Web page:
We had lunch in Pontevedra yesterday with our friend Colin. At one point he asked if we knew what “escraches” were. No idea! After some discussion with the waitress and people seated at other tables, we established that they were some kind of protest. OK, that was clear enough but where did the word come from?
Today I did a little research. Wikipedia informs me that the word originated in Argentina (or possibly elsewhere in South America) as a form of peaceful protest involving activists gathering outside the home or workplace of someone they want to expose for criminal, antisocial, immoral activity. Hence all the protests in banks, making a lot of noise about people losing their home through bank repossession.
The Diccionario de la Lengua Española does not recognise the word “escrache” but reveals that the verb “escrachar” is a colloquialism from Argentina or Uruguay meaning “to break, to destroy, to crush” or interestingly “to photograph someone”.
One source talks about the term “un escracho” being used in 1879 in Río de la Plata to designate a kind of swindle involving presenting someone with an article claiming they had won some sort of lottery.
Another suggests it comes from an old Italian term "scraccé" meaning photograph, especially a portrait photograph. That goes along with the idea of revealing the identity of some kind of evildoer.
Even though the dictionary might give the verb “escrachar”, modern Spanish appears to be coining a new one “escrachizar” which I am told means “hacer escraches”.
It doesn’t, however, seem to have anything to do with the English word “scratch”. That makes a change. Anglicisms pop up all over the place.
The President of Galicia, Mr. Feijóo, has been in the news recently because of photos from almost 20 years ago in which he appears with someone who for the last 10 years has been in prison for drug dealing. Mr. Feijóo has been dealing with it all quite calmly but must be rather relieved to find that he has been pushed out of what the newspaper “El Correo Gallego refers to as “el primetime” by the reports about the Infanta Cristina being called as a witness in Nóos corruption case her husband is involved in. I wonder how long it will be before “primetime” changes its spelling to “praimtaim”, Spanish fashion.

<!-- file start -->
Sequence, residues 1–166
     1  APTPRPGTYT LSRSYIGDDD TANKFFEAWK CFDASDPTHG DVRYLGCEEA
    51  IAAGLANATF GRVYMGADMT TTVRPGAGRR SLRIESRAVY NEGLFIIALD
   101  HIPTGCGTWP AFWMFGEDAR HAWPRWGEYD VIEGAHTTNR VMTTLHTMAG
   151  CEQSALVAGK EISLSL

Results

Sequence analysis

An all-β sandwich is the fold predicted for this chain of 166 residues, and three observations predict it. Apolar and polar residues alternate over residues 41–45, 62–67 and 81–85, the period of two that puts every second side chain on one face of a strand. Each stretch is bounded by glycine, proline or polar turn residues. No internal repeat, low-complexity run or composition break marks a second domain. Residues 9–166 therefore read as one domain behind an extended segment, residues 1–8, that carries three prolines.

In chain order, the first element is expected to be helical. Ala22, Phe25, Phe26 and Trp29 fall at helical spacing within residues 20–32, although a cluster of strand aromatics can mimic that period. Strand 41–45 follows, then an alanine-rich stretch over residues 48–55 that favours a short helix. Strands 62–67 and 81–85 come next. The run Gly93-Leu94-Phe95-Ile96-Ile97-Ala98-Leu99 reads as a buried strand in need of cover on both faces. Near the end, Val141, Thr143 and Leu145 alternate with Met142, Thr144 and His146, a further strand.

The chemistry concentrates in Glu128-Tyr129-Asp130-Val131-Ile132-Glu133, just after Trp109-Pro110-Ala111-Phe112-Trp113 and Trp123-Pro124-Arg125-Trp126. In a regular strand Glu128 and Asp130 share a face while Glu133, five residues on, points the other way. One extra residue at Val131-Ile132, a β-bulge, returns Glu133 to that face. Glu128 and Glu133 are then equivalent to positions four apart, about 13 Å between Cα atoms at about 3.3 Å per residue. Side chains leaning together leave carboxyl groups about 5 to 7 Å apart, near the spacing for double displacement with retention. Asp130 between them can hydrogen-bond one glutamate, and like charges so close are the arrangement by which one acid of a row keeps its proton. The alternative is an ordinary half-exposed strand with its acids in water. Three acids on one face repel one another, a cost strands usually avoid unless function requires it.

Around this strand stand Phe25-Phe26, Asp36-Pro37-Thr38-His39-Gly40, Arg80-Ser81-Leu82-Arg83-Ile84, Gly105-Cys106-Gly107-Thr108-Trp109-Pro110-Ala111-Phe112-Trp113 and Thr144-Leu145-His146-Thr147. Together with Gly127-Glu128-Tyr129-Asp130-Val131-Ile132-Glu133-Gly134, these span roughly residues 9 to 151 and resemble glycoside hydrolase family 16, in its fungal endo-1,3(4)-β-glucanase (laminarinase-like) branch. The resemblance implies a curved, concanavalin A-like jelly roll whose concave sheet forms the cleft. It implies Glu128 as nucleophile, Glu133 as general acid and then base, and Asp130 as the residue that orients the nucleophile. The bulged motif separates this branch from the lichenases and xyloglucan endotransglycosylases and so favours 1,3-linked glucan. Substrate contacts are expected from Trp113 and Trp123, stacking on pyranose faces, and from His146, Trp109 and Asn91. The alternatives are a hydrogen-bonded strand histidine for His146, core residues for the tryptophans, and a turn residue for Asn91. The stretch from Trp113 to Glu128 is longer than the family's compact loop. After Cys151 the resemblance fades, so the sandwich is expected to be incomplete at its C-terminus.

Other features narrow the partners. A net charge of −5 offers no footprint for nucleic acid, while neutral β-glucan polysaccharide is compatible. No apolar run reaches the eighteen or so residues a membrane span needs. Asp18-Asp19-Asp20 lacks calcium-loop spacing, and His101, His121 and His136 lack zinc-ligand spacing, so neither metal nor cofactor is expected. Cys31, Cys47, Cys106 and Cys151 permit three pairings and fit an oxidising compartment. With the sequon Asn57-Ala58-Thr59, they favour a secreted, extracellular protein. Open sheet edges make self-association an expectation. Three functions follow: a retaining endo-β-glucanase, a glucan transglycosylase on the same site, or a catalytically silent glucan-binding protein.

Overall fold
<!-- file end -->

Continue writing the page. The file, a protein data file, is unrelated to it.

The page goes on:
Today I have read items relating to both the Feijóo case and the Nóos scandal. First of all, Gonzalo Berreno in La Voz de Galicia suggests that the Feijóo photos have been known for a while but weren’t revealed when he was standing for election as President of Galicia as it wasn’t considered important enough, Now, however, he might be a contender for the leadership of the Partido Popular, replacing Rajoy, and therefore, potentially President of Spain. And so, someone decided to get the nasty photos out. Who knows?
And then there’s the Nóos case with Iñaki Urdangarín, son in law of the King of Spain. In the past he was a handball player of some renown. Now he’s unemployed, involved in corruption scandals, written out of the webpage of the Familia Real, persona non grata all round. But Valero Rivera, a big wheel in the world of handball is on his side. Valero Rivera is about to go and take up a well paid position in Qatar, helping them prepare for the 2014 world handball championship. As and old friend and former trainer of Iñaki, he’s offering him a job. Will the royal son in law, Duke of Palma de Mallorca, accept? Will it get him out of a hole? Once again, who knows?
Onto other matters: I recently had a bit of a moan about buying tickets online for a concert at the Centro Cultural Novacaixagalicia and the lack of information about how to pick up said tickets. Well, today (Monday) I had an email telling me that my purchase (of ticets for last Friday) had been successful and explaining all about the machines in the ticket office at the venue.
People talk about Spaniards putting things off until “mañana”. If you want to say “the day after tomorrow” you say “pasado mañana”. As my email arrived about three days late, am I suffering from “pasado pasado pasado mañana”?